October is National Cyber Security Awareness Month and prime time to talk about protection. Whether you’re an online shopper, browser, gamer or social media “famer”, identity thieves are banking on you – and your valuable personal and credit information – to be easy prey. Knowing what to watch for, where the potential risks are and how to take charge of your online life can help keep your identity from being hacked and your credit intact.
Use these tips to help protect against cyber thieves:
Choose credit over debit.
Especially for online shopping. If your information is stolen while using a debit card, your cash can be gone in an instant.
Use the latest version of your browser to shop.
And don’t shop using public Wi-Fi!
Be wary of email attachments.
Any email appearing to be from a legitimate organization, retailer or government agency that prompts you to open an attachment is a big red flag. It’s likely a phishing scam to get you to download malicious software to access your information. Delete the email immediately!
Protect your computer.
Install anti-virus and anti-spyware software, plus a firewall. Keep your internet browser and operating system up to date. If you doubt the legitimacy of an update request, contact the manufacturer directly.
Protect your mobile devices.
Your smartphone or tablet is just as vulnerable to attack as your PC. Be wary about links, use security software and don’t use public Wi-Fi when sharing personal or financial data.
Use complex passwords.
Longer is better with a random mix of numbers, letters and special characters. Don’t get complacent. Be sure to create a unique password for each site.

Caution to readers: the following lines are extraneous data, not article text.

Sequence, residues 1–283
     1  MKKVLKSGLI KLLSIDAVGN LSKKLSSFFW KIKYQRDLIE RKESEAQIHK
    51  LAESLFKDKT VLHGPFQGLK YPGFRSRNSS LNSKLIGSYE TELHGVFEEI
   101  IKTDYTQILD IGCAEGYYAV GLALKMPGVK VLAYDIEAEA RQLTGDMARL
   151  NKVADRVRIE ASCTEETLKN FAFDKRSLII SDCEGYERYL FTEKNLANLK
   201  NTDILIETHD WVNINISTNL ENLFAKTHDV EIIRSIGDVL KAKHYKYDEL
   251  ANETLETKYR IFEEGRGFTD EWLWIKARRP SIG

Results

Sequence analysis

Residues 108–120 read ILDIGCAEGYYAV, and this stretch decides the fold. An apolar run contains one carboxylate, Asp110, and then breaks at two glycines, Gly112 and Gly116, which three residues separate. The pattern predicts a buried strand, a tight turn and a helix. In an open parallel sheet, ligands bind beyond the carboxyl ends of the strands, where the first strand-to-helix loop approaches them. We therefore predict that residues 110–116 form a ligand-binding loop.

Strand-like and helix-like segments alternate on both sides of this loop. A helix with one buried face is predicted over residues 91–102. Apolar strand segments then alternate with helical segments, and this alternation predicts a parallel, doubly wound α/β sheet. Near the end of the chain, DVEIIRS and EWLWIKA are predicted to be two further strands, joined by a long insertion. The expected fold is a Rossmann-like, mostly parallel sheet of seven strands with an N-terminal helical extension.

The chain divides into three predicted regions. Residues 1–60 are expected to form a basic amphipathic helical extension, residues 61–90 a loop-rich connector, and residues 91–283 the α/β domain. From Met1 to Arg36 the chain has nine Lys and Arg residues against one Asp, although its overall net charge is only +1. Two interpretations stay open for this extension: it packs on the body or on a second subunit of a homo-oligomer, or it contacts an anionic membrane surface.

Gone are the days when all identity thieves wanted was your credit card information.
Today’s criminals are after a much bigger piece of the pie – and they’re getting it. With attacks becoming more sophisticated and prevalent, early detection is key. Identity thieves can sell your personal information on illicit websites, bulletin boards, and chat rooms. The internet is where criminals swap new scams and buy and sell identity data. You may never know about these online transactions of your personal data until you become a victim of fraud – and your good name and credit is trashed.
What else can you do to help stay protected?
If you’re not already monitoring your credit, this is the ideal time to start. Monitor your accounts and regularly review all three of your credit reports for unusual activity throughout the year. Also, consider identity theft monitoring to help protect your social security number and other personal data from going to the highest bidder on the dark web.